Look up the area code of any phone number to find out the area you are calling. It should be close to where they claim to live. Also watch for ads placed in states far away from where person lives. They get you communicating and then offer to ship the dog.
Avoid 800 numbers or websites that have many breeds, but are one company. They are a clearing house for dogs and rake in high profits while the breeder takes all the risk and cost and work.
THINGS TO AVOID:
1. Any website that doesn't have a phone number or way to contact the breeder directly and uses a form you have to fill out. That includes 800 numbers. Avoid all middlemen. Puppy Territory.com is a prime example of a company you can be scammed on. They stole my pictures and there was no way to contact them as the entire site was a scam and I turned them into the FBI fraud unit for what good it did me.
2. Any breeder or middleman with multiple complaints on Ripoff Reports.
3. Anyone who uses only emails or texting instead of a phone.
4. A local ad when you answer thinking they are near you and they offer to ship the dog to you.
5. Breeders who breed many small breeds and mixed dogs. It's way too easy to slip a mixed into the purebreds and get away with it. Stick with breeders who only have one breed.
6. High pressure sales.
Dogs for a very low price that includes shipping. Shipping is $300-$500 alone.
Wanting Western Union, or Wal-Mart or any untraceable form of money.
Asking for additional money for shipping insurance which doesn't exist.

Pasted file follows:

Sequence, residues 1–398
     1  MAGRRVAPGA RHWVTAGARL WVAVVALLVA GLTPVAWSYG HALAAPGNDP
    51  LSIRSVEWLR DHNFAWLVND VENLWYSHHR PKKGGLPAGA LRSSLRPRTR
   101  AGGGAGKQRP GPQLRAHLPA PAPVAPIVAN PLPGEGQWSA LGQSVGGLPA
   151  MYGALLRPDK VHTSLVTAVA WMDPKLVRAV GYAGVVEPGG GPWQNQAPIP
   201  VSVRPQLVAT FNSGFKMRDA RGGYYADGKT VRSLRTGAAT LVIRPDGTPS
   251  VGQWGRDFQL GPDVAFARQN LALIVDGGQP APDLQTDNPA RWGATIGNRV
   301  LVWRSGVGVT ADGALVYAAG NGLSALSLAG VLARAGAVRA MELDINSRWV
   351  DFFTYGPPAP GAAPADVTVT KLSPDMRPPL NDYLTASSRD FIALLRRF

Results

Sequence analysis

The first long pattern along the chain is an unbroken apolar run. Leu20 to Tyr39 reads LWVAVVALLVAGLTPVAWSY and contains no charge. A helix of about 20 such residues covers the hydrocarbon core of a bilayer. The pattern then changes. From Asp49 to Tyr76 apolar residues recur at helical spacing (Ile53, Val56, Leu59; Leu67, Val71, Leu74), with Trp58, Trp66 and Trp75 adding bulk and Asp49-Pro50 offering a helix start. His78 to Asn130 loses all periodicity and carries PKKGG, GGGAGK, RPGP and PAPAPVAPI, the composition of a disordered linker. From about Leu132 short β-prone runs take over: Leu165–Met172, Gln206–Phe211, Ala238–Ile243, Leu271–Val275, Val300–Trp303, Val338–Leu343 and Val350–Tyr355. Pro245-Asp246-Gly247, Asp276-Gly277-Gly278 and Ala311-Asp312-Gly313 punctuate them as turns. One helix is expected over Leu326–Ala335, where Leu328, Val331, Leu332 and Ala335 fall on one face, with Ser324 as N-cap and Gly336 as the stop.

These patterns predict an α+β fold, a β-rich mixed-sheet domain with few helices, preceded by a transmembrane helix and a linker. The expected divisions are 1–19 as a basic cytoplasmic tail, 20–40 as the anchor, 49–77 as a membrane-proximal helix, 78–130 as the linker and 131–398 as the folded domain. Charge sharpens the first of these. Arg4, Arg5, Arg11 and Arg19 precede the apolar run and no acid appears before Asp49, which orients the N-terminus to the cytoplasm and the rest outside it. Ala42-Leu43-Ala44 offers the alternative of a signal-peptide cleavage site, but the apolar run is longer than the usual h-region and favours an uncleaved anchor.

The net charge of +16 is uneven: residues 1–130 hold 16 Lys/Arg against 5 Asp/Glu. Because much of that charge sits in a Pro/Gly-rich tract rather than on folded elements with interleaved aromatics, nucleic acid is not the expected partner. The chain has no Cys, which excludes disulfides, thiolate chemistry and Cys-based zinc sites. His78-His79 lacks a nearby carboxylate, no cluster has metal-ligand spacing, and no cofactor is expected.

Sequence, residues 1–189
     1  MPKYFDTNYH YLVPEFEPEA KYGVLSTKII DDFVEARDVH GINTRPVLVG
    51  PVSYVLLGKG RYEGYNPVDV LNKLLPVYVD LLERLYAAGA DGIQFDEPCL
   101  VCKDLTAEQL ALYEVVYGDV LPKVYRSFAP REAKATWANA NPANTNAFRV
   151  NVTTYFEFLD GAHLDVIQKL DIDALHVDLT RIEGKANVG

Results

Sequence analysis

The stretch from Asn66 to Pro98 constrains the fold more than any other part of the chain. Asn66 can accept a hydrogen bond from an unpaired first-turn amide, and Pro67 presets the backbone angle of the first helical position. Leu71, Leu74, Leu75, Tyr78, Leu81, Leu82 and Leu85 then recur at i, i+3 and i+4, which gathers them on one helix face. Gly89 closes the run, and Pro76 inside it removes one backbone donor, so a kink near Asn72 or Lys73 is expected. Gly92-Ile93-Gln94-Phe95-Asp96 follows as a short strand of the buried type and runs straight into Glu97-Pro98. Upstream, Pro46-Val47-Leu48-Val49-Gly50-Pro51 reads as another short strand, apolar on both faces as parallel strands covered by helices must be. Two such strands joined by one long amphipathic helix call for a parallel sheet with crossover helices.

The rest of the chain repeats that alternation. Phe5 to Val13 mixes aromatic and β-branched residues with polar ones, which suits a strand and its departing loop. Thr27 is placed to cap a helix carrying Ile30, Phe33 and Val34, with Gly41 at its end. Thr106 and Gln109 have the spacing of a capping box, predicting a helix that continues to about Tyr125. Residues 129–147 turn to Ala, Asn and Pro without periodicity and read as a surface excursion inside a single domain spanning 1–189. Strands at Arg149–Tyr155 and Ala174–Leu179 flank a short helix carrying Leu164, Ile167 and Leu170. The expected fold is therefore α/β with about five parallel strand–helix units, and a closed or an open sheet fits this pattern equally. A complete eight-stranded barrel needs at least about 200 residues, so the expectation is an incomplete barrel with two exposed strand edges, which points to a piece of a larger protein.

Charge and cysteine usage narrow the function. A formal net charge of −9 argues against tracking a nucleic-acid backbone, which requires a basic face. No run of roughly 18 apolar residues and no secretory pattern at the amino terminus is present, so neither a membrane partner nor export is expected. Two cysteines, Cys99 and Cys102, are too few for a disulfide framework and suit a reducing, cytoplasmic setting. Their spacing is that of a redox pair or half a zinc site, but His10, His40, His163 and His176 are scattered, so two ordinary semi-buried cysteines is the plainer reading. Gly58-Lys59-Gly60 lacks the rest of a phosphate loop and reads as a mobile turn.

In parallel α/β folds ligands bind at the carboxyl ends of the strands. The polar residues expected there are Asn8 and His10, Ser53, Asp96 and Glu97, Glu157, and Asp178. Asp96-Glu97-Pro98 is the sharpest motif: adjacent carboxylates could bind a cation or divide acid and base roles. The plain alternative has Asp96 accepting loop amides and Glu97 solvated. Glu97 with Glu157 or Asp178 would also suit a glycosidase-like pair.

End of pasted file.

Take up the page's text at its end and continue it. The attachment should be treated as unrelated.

Saying they have the puppy, but are on a mission in Africa for their church.
Any website without a valid phone number and use either text or email only, avoid.
I don't buy from breeders who don't have a website.
Personally, when I shop for a dog, I look at what the breeder is breeding and how many different breeds. I avoid any breeder who has similar looking dogs, as a mixed might be very hard to detect. The mixed dog of Mi-Ki is a blend of seven different purebreds and throws dogs that resemble purebreds, but are not. A dishonorable breeder will sell them as purebreds. If you are in question of the purity, look at what the breeder breeds and do they offer mixed dogs.
Age of Puppy
Most states don't allow puppies to be sold before 8 weeks of age.
Never place a deposit unless you are sure if something goes wrong on the breeders end, you can get it back.
This is the most common form of theft by scammers and bad breeders. Some take what they can steal and run and others come back for more money with bogus excuses. They rely on people becoming emotional about the puppy. Their excuses are unlimited.